Reality and Research

Social Science and U.S. Urban Policy Since 1960

Author: George C. Galster

Publisher: The Urban Insitute

ISBN: 9780877666394

Category: Social Science

Page: 248

View: 4850


Confidence was at its highest in the 1960s that governments could solve many of the country's urban problems by commissioning social science studies and being guided by their findings. Here 11 studies critically evaluate the three decades of such policy analysis in a wide range of urban policy arenas, including community development, transportation and land use, education, housing, family support and social welfare, drugs, and racial discrimination. They find mixed results in different areas: sometimes the system worked wonderfully, sometimes the studies were excellent but ignored, and sometimes the studies were conducted merely to support policy adopted for other reasons. No index. Annotation copyright by Book News, Inc., Portland, OR

Reader's Guide to the Social Sciences

Author: Jonathan Michie

Publisher: Routledge

ISBN: 1135932263

Category: Social Science

Page: 2165

View: 734


This 2-volume work includes approximately 1,200 entries in A-Z order, critically reviewing the literature on specific topics from abortion to world systems theory. In addition, nine major entries cover each of the major disciplines (political economy; management and business; human geography; politics; sociology; law; psychology; organizational behavior) and the history and development of the social sciences in a broader sense.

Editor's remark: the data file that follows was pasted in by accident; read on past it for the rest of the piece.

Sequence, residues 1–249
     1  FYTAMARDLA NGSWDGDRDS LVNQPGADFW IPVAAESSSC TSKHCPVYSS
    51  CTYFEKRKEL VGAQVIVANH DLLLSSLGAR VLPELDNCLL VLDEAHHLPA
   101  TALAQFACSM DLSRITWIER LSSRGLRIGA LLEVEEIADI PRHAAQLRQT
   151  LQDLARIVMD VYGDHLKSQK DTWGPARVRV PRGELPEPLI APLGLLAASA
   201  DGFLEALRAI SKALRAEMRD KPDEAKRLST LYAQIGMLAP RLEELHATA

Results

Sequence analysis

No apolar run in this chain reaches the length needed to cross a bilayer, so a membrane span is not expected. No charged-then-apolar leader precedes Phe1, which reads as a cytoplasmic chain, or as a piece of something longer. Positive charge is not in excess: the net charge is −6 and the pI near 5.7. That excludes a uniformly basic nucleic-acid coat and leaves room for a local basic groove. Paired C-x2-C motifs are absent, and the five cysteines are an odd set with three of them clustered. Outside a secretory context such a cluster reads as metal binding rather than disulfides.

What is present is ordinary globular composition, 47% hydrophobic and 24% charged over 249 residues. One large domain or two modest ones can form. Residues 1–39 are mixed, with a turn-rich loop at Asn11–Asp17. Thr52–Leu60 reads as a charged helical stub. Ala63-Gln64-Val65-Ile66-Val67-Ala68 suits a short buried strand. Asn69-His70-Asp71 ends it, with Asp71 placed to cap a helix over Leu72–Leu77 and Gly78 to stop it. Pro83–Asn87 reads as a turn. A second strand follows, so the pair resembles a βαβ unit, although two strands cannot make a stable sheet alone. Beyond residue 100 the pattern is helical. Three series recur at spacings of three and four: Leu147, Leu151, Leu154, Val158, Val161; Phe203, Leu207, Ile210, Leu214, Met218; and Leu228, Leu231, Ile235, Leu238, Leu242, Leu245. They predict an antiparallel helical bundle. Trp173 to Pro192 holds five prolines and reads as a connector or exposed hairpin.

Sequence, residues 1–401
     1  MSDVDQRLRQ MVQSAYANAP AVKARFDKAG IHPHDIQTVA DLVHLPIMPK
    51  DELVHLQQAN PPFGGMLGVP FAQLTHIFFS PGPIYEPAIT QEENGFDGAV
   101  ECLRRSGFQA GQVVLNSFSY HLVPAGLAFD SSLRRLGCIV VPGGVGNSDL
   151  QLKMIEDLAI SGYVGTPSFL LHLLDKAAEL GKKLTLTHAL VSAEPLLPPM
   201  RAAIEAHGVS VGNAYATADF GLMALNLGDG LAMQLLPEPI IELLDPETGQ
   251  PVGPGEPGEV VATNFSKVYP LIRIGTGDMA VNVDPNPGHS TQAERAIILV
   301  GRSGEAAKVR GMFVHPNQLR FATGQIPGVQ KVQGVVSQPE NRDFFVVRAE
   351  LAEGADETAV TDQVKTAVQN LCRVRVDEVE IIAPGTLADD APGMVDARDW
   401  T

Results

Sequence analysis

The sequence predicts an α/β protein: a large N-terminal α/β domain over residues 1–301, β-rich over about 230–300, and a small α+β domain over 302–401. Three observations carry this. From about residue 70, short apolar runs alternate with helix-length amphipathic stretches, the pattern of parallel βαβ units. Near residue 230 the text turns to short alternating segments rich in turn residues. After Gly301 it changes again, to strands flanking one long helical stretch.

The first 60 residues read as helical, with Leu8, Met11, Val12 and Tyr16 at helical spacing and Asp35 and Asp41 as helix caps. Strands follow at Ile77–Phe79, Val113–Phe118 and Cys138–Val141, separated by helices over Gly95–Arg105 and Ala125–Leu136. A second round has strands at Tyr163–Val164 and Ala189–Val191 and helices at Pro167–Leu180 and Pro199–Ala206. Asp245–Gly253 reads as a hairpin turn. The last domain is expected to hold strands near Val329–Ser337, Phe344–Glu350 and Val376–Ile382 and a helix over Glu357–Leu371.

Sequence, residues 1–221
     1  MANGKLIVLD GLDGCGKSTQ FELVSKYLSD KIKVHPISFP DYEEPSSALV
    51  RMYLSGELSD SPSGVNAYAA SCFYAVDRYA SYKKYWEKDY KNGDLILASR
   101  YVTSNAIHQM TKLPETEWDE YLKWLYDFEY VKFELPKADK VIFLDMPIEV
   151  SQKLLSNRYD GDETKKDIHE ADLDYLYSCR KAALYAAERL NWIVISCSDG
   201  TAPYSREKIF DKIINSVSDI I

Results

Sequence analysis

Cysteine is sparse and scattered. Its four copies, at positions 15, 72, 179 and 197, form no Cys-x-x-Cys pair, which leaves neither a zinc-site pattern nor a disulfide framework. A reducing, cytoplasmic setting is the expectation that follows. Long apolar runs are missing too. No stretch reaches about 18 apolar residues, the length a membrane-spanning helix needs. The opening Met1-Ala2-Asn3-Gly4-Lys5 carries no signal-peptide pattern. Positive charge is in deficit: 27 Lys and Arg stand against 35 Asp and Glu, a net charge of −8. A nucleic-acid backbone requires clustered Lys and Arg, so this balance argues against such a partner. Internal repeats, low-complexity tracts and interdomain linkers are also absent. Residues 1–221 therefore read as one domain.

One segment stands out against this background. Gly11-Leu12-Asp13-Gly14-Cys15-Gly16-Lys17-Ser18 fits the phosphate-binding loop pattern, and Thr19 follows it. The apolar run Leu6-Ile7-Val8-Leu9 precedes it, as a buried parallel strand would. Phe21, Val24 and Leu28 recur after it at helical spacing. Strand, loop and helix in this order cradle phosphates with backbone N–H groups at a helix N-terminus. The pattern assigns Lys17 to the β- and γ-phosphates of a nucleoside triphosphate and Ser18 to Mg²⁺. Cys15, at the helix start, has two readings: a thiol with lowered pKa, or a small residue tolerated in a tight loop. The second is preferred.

Urban and Regional Policy and Its Effects

Author: Margery Austin Turner,Howard Wial,Harold Wolman

Publisher: Brookings Institution Press

ISBN: 0815701586

Category: Business & Economics

Page: 257

View: 8478


The goal of this book, the first in a series, is to bring policymakers, practitioners, and scholars up to speed on the state of knowledge on various aspects of urban and regional policy. What do we know about the effectiveness of select policy approaches, reforms, or experiments on key social and economic problems facing cities, suburbs, and metropolitan areas? What can we say about what works, what doesn't, and why? And what does this knowledge and experience imply for future policy questions? The authors take a fresh look at several different issues (e.g., economic development, education, land use) and conceptualize how each should be thought of. Once the contributors have presented the essence of what is known, as well as the likely implications, they identify the knowledge gaps that need to be filled for the successful formulation and implementation of urban and regional policy.

The Geography of Opportunity

Race and Housing Choice in Metropolitan America

Author: Xavier de Souza Briggs

Publisher: Brookings Institution Press

ISBN: 9780815797784

Category: Political Science

Page: 353

View: 3959